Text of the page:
Cell phones direc

    • Unless, of course, you live somewhere with chronically crappy cell phone reception.
  • Speculation (Score:4, Insightful)

    by mr_tommy ( 619972 ) * <[tgraham] [at] []> on Wednesday March 09, 2005 @08:43AM (#11887687) Journal
    Speculation on Google's intentions is almost as pointless as it is trying to guess when you'll die. The problem with basing stories on things like this (Google meeting with industry players) is that they could be doing so many other things; The Times run a similarly factually weak story early this year about how the company had plans to launch a VoIP service imminently. They based it of a story that Slashdot covered a month prior about how the company was buying dark fibre; now yes- it could be used for VoIP, but could be used for thousands of other things.

    My point : Google != Microsoft. They haven't got a history of "leaking" stuff prior to product launch, and I doubt they'd do it this time.
  • Great.

    Now it'll take four to eight weeks for my phone number to appear in the directory.

  • Just once. (Score:3, Insightful)

    by jwcorder ( 776512 ) on Wednesday March 09, 2005 @08:48AM (#11887720)
    I would love to come to slashdot just one day out of the week and not see an article about what google MIGHT be doing or COULD be doing tomorrow. This is not news. Let me know when they ACTUALLY do something. And then only when it's something cool.

  • by LupeSpywalper ( 713932 ) on Wednesday March 09, 2005 @08:50AM (#11887733) Journal
    Maybe Google have found a way to search phone conversations. Maybe even in real time. So I can find an interesting conversation going on and just drop in.
    And of course they will tie it to their map service. And no more dialling wrong numbers with their "did you mean" functionality. And maybe they could do a javascript "suggest topic" for those dull conversations ?
  • Hotsheet. (Score:3, Funny)

    by hot_Karls_bad_cavern ( 759797 ) on Wednesday March 09, 2005 @08:52AM (#11887750) Journal
    "Bush. Say listen, we got uh ... thingy goin' on over here with them googuhl folk."
    "Naw, sersly, they got some new Very onerous Intercontinental Puhbombs."
    "P bombs ... what?"
    "Yeah, yeah and that's them folks that help those, uh, whatchacall'em ... poor people find all that informations on how blowed'in' things up and steal musics. Listen, can i get 'em?"
    *sigh* "I'll get my coat. See you in a few."
  • Heh, imagine being able to Google every phone call ever. Kind of an open source society.
  • by Dan East ( 318230 ) on Wednesday March 09, 2005 @08:56AM (#11887776) Journal
    Apparently, Google may begin manufacturing Mouse pads. According to an anonymous source, Google submitted an order for 150 pads. "Why would Google require so many mouse pads at once? Obviously they wish to study and analyze these pads so they can begin manufacturing themselves".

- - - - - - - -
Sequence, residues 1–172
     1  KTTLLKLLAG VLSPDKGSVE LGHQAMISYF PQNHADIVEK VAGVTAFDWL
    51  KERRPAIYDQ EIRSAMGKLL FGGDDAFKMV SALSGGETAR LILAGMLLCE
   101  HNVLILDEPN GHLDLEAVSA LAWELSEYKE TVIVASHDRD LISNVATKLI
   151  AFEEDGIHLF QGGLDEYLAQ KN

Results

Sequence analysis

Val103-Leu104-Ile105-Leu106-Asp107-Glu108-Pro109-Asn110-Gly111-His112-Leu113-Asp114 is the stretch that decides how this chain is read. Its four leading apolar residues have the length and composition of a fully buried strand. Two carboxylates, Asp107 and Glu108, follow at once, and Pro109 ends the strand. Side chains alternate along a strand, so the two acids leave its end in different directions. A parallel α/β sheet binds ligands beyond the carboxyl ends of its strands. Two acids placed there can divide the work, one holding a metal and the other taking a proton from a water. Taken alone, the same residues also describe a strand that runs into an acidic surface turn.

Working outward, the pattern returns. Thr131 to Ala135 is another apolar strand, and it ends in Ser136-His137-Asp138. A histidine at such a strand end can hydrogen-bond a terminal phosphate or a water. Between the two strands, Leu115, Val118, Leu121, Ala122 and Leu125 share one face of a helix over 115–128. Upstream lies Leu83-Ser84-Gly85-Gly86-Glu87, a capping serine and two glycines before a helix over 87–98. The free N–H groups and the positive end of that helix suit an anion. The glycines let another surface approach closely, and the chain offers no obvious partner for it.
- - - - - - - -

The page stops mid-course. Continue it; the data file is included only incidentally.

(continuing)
Another source said that some Google employees have had medical X-Rays as part of their health care screening. No word yet on when Google will begin manufacturing their own X-Ray equipment, but giving the combination of ivy-league graduates, the company-sponsored free-time employees are allowed, and the fact that they run a successful search engine, it is obviously only a matter of time. Look out General Electric!

    Dan East
    • I think you're imagining things. Several Google honcho's were discovered wolfing burgers at an undisclosed restaurant location. Obviously, they wish to study and analyze these burgers so they can enter the bustling fast food industry.

      But another source says that Google is really entering the fast food consumption industry. "Burger consumption is the growth industry of the 21st Century. With Google's extensive infrastructure, massive capital funds, educated employees, and agressive appetites, they have th

  • Makes Sense to Me (Score:3, Interesting)

    by Rollsbot ( 859293 ) on Wednesday March 09, 2005 @08:57AM (#11887782) Homepage
    It makes perfect sense to me. Everyone keeps saying that VoIP will be the end of the traditional phone system. So, what's everyone waiting on? Probably, a big company like Google get behind it and ensure that it's reliable, easy to use, and accessible.

    What's more, imagine how valuable a Google ad would be if that ad resulted not only in a visit to your website but also a call to your business. Advertising has always been about getting calls; this makes it that much easier.
    • So, what's everyone waiting on? Probably, a big company like Google get behind it and ensure that it's reliable, easy to use, and accessible.
      No, we're waiting on broadband availability and reliability like most of the other top industrialized nations enjoy. I anticipate huge response if/when BPL becomes more prevalent, as this is the best solution for a large land mass like the USA.
  • Google is to the information-age as Microsoft is to the computer-age.

    As the web grows, their (or anybody else's) index will take longer to update, introducing a lag as to the relevancy of their links. They must know this as they are apparantly moving into new areas to grow their revenue. I wonder if they will be as profitable in things other than pay-per-click advertising...this move into VOIP seems like a move out of desperation.